When displaced women are abused it is usually women themselves who are the first to organise help. But because women's groups are usually among the least empowered in their community, they need support and assistance from humanitarian aid organisations. However, NGO managers and staff often lack understanding, knowledge and expertise to develop accessible, effective and compassionate programmes to address gender-based violence (GBV).
GBV Global Technical Support Project
Responding to requests from the field for assistance to address violence against women and children, JSI Research and Training Institute (JSI) initiated the GBV Global Technical Support Project on behalf of the RHRC Consortium in 2001. In close collaboration with UNHCR, UNICEF and others, the project provides a range of technical assistance to refugee/IDP communities, UN agencies, international and national NGOs and host governments working with populations affected by armed conflict. Technical assistance includes on- and off-site training, consulting, advising, workshops, seminars, information dissemination and resource material distribution and training. On-site assistance incorporates both pre-planning and post-visit follow-up to ensure maximum involvement, commitment and follow-through by the key stakeholders and actors.
Prevention of and response to GBV in many of the sites involved with the GBV Global Technical Support Project have improved. Interagency referral and coordination mechanisms have been streamlined and there is an increased number of staff on the ground who are knowledgeable about gender issues, GBV, assisting survivors and developing prevention strategies.
Addressing GBV in Thai refugee camps
In January 2002, the Global GBV Technical Advisor visited Thailand in response to a request for assistance from the Committee for Coordination of Services to Displaced Persons in Thailand (CCSDPT). During visits to five refugee camps and five towns, the Global GBV Technical Advisor met representatives of UNHCR, NGOs and Burma women's organisations. The Advisor provided training, recommendations and written resource materials to promote increased leadership and action in prevention of and response to GBV.
The training and technical assistance focused on building capacity among the interagency team (including refugees) to establish a coordinated system for assisting survivors and for developing an action plan to prevent GBV in the long term. This interagency prevention and response action required four efforts: 1) integrating issues of gender, including GBV prevention and response into the activities of all organisations working with refugees; 2) fostering an understanding that addressing GBV is part of the humanitarian responsibility of all staff concerned with health, psychosocial well-being, security and legal justice; 3) training and supervising staff and 4) formalising and increasing support to refugee women's organisations to build their capacity to take the lead in GBV interventions.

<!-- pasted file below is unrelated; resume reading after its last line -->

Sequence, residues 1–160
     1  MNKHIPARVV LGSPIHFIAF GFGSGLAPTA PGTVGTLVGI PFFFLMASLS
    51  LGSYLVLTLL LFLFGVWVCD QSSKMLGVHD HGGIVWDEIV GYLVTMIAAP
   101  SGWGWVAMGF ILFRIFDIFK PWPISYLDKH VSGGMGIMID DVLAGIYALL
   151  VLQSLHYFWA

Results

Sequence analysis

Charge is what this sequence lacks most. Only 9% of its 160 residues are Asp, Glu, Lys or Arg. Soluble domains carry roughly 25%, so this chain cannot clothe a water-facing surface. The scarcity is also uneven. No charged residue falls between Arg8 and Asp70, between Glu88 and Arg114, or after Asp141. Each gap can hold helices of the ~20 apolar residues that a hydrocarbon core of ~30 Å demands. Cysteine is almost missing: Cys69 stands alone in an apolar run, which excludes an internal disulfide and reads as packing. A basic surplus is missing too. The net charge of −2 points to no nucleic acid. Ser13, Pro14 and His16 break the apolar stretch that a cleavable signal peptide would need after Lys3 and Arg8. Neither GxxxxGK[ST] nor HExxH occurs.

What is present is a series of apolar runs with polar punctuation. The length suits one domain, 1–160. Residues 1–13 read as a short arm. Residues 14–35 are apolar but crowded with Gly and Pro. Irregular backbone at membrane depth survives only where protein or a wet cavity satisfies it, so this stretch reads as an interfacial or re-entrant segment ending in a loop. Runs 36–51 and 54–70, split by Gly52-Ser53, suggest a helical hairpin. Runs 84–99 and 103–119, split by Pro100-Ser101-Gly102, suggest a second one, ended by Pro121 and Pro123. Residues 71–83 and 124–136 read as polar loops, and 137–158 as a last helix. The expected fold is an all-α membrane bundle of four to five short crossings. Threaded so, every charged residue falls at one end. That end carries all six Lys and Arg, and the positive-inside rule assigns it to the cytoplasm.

Following this initial visit, refugee women's groups in Thailand developed a GBV response protocol called the Automatic Response Mechanism (ARM). ARM is a step-by-step guide for assisting survivors which sets out required actions - including emotional support, health care, counselling, advocacy and case management - from first report through conclusion of legal proceedings if the survivor chooses the legal route. Each step in the ARM protocol describes appropriate standards of care and includes a list of possible actions to consider if those standards are not met or if services are not locally available. This framework emphasises interagency involvement and cooperation, raising awareness both in specific sectors and the community at large and the need to refer to existing laws and guidelines. Refugee women's groups in Thailand are currently working with UNHCR and NGOs to actively engage them in ARM implementation.
Pool of resource persons
GBV prevention and response may be moving forward in Thailand but elsewhere humanitarian staff lack access to GBV training programmes. For many, GBV remains an unknown, intimidating subject. The GBV Global Technical Support Project now has an added focus: to build a larger pool of knowledgeable humanitarian aid staff who can serve as local resource persons for their peers and colleagues. The number of intermediate and advanced training workshops is to be increased.
In keeping with the philosophy that refugee communities themselves should be the leaders in prevention of and response to GBV, the project will continue to assist and support displaced women to take the lead in addressing this terrible problem.
Beth Vann is JSI's Global GBV Technical Advisor. Email: firstname.lastname@example.org.
Meriwether Beatty is the Reproductive Health for Refugees Project Director. Email: email@example.com.
Lisa Ehrlich is a student intern and project assistant. Email: firstname.lastname@example.org.
The authors work with the Global GBV Technical Support Project at the Washington DC Research and Training Institute of John Snow International (www.jsi.com).
See also: 'Gender-Based Violence: Emerging Issues in Programs Serving Displaced Populations' at www.rhrc.org/pdf/gbv_vann.pdf.